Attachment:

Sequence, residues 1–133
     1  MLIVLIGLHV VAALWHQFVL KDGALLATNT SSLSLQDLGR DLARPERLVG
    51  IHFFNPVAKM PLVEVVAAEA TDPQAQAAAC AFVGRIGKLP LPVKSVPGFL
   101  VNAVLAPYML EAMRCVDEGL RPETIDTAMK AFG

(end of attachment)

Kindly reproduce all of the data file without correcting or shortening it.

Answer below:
Sequence, residues 1–133
     1  MLIVLIGLHV VAALWHQFVL KDGALLATNT SSLSLQDLGR DLARPERLVG
    51  IHFFNPVAKM PLVEVVAAEA TDPQAQAAAC AFVGRIGKLP LPVKSVPGFL
   101  VNAVLAPYML EAMRCVDEGL RPETIDTAMK AFG